During author interviews, many people ask about the final product. They ask about where the book idea came from or how the writer became a writer. But I'd rather know more about how the writer failed. Did any characters disappear in later drafts? Did any scenes get cut? If so, which? Why? Were any scenes added? … Continue reading Why do I want to know about their failures?
There are deadlines for my deadlines Should I set another one? Print the page out and mark it up Is one word the difference between Acceptance and rejection? A house or a home? A school or a dictatorship? What's the difference between Ninety-nine words and a hundred? Should I edit this another day? The deadline … Continue reading A writer’s inner fight
To be a great writer, someone has to get upset with the writer’s work. Sounds crazy, doesn’t it? But it’s true. Many famous writers, including J. K. Rowling, Ernest Hemingway, and John Green, all have been successful in their careers. But they also made some reviewers angry. One well-known author, Rudyard Kipling, had a review … Continue reading Healthy reminder:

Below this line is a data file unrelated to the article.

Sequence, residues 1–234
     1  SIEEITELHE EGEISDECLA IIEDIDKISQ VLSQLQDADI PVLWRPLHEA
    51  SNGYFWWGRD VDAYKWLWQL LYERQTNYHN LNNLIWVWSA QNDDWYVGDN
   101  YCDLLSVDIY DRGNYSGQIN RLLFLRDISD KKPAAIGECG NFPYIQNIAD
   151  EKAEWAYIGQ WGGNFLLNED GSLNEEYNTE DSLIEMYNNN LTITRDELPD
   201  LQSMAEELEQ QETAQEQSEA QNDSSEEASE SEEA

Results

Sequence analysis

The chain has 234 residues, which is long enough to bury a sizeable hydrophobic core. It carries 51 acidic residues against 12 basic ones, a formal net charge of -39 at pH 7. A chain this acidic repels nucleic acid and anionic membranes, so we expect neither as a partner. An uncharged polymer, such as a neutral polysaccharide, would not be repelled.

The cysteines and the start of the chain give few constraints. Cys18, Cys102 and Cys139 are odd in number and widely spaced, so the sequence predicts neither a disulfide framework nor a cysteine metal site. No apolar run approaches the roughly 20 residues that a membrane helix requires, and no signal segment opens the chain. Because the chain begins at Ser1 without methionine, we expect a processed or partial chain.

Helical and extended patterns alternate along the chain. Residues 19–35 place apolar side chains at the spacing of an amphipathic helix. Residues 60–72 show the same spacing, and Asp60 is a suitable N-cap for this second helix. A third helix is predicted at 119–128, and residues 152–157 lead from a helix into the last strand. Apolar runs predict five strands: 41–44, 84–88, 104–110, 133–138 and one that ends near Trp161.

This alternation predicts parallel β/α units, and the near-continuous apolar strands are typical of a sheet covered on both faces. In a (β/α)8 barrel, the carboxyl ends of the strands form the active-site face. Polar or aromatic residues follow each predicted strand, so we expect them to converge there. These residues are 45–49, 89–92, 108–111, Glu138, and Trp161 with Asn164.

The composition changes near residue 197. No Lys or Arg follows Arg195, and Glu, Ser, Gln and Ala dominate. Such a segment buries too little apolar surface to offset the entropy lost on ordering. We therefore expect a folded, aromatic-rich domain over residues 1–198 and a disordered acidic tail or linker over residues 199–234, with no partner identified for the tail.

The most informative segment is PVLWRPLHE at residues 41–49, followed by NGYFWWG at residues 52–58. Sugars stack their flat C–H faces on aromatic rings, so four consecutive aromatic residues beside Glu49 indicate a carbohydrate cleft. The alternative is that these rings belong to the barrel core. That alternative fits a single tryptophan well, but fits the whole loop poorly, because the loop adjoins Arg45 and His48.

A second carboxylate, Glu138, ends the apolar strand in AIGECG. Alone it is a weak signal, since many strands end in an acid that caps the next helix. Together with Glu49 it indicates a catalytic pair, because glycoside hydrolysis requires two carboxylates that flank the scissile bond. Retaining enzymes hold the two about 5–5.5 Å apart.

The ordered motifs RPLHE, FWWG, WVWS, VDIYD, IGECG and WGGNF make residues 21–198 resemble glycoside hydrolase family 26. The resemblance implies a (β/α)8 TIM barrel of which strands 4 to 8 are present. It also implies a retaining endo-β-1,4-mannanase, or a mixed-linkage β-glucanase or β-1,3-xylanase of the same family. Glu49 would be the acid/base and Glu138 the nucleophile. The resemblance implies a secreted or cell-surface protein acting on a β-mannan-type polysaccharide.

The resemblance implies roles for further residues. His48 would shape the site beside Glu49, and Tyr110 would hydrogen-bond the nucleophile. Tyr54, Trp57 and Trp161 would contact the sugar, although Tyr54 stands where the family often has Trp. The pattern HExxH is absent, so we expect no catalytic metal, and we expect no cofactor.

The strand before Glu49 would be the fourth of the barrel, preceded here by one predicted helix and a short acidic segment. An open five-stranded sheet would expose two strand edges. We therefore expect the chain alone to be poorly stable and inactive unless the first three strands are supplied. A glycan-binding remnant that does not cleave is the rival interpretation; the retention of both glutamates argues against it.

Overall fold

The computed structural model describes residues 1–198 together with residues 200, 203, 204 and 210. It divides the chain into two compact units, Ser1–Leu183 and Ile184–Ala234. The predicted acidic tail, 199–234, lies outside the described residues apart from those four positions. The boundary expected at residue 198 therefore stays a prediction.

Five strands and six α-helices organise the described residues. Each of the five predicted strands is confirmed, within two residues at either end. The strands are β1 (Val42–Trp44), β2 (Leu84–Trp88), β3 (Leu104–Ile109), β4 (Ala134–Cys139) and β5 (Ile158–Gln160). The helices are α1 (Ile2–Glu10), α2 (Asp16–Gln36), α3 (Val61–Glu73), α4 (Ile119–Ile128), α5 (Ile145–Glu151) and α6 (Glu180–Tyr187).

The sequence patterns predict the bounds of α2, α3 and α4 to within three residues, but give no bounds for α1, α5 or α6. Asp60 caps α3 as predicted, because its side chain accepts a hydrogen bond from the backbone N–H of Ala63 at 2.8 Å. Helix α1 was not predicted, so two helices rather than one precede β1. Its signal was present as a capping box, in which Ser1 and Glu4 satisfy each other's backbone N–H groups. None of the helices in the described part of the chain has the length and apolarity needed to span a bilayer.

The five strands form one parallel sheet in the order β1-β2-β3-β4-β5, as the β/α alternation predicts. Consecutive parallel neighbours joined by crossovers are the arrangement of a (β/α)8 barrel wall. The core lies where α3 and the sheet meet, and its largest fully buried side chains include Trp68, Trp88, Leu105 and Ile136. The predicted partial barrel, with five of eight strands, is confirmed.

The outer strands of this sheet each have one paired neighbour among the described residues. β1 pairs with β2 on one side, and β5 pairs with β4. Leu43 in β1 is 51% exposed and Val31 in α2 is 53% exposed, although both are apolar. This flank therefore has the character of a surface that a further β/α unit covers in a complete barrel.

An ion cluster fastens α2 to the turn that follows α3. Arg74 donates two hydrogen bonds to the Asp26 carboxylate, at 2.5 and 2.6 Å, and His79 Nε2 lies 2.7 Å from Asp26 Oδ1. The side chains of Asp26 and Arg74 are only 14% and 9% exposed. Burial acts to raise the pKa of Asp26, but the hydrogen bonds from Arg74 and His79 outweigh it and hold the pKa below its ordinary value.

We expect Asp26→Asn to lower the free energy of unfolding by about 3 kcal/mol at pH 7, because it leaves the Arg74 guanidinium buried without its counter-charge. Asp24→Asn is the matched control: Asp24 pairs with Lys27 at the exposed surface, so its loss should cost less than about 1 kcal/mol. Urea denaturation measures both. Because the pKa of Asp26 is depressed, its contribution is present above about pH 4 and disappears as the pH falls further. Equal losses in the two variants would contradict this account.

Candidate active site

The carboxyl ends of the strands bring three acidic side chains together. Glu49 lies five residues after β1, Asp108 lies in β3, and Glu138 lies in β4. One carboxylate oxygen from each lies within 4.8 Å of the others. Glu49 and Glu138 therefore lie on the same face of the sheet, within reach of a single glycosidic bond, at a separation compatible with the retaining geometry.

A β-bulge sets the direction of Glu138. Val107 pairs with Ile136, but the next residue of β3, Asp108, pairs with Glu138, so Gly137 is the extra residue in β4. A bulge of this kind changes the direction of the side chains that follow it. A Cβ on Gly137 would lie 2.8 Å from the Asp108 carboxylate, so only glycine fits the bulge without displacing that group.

People always say writers can write whatever they want, but I doubt that's true. Some publication companies don't accept "cliché" or "unoriginal" ideas anymore, because it's harder to market just another vampire story now. Which, in turn, lowers the endless possibilities that writers can write about. Some of those outdated story plots include: Vampires Werewolves … Continue reading Not acceptable stories
A deadline always stares at you. Or perhaps the goal you set for yourself is already years behind you. Another rejection letter sinks in your trashcan. Or maybe another critic just couldn't make it through your piece without ripping it to shreds. Either way, sometimes it's difficult to remember the joys of writing. Creating something … Continue reading Joy of Writing